First let me say I am so glad I found this forum! I have read a lot of posts on setting up RAID 0 on xp 64 but I am still so very confused.
Here is what I'm looking to do.
I just recently bought this computer off of ebay to use for recording xbox games with the blackmagic intensity pro capture card. (I am brand new with video editing etc so wanted to start out with a lower cost computer instead of buying a $10,000 new computer from HP yet.)
How do I setup/partition a level 0 RAID array? The easy way:
1) Attach the drives to the RAID controller. Each drive should be master on its own channel (separate cable) for maximum performance.
2) Enter the RAID controller bios (usually you press CTRL+H after powering on the PC). Setup the RAID0 array with your preferred stripesize. The exact way of doing this depends on the controller. Note: Some controllers (e.g. the Promise-lite) does not allow you to change the stripesize.
3) Install the driver.
4) Using the installation program partition and format the drive.
First of all, you cannot use 3 drives to make a RAID0 array that must have a PAIR (2). But looking closely at your screen shots, they say the C: drive is Maxtor Atlas .... SCSI, and the D: drive is a NVIDIA STRIPE 223.59 GB unit. What I suspect is that the single SCSI drive is your boot drive C:, and all three of the 80 GB SATA HDD units are combined using the RAID JBOD ("Spanning")system to be one "drive" called D:. However, if you are using RAID in any form you should be able to enter the RAID Setup utility, and you say it does not go there.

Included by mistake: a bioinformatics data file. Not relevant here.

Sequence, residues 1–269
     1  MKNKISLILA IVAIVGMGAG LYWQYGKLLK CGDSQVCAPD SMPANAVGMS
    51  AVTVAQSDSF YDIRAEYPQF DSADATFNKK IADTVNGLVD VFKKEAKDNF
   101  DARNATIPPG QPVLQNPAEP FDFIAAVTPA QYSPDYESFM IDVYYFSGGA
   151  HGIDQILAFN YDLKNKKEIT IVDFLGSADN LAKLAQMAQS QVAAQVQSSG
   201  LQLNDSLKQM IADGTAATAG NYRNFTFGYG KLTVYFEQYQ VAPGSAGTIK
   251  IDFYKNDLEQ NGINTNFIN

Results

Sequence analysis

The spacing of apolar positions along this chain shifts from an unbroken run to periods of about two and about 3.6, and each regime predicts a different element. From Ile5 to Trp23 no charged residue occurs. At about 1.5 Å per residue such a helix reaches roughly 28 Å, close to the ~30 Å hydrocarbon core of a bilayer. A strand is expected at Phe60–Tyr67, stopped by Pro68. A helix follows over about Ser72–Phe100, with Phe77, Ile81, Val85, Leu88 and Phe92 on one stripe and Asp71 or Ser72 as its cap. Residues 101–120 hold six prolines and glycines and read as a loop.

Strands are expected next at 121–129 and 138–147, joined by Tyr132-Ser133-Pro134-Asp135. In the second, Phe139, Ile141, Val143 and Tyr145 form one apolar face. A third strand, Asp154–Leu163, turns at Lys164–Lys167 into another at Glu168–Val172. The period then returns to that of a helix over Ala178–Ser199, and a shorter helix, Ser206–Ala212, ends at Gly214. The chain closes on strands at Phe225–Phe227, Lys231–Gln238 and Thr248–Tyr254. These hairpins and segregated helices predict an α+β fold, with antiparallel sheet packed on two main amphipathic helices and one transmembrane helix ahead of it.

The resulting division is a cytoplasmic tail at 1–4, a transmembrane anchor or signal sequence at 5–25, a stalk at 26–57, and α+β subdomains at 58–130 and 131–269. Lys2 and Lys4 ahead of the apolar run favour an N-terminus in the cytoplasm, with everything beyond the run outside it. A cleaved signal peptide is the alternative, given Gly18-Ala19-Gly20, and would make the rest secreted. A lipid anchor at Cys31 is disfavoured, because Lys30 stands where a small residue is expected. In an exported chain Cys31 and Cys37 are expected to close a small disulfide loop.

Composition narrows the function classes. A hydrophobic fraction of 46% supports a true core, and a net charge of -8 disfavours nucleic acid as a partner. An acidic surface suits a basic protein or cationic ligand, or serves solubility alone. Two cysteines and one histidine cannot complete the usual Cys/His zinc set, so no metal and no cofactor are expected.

The only thing I noted in your machine's manual is that the sequence they cite for getting into the RAID utility is that during boot FIRST you hit any key to allow you to see the POST message, and THEN you hit F6 to enter the RAID utility. It sort of implies that hitting only one key (F6) will not get you there.
If you really want to create a RAID0 data drive from TWO of the 80 GB units, leaving one of them for use as a normal stand-alone drive, you will need to restructure. If you can get into the RAID utility, check whether it really is using Spanning to group the 3 x 80 GB units into one "drive". If yes, then you can use it to break that RAID array down back to individual drives again. Then exit out and reboot the machine, and see if that's how all the drives show up in Disk Management. They probably will NOT show up in My Computer because they have not been Partitioned and Formatted individually.
If that all works, shut down and reboot, going back into BIOS Setup, and make sure that TWO of the 80 GB SATA units are set to RAID mode, and the third is NOT. Save and Exit Setup, then use the "any key - F6" sequence to get into the RAID utility. This time create a RAID0 array using the two 80 GB units available. Save that system and finish booting. Now you'll need to use Disk Management to prepare (Partition and Format) BOTH the new 160 GB RAID0 array AND the left-over 80 GB third SATA disk.
Yes to get the 'boot options' I hit 'del' then on the next screen comes up and says hit 'f6' to enter raid utility.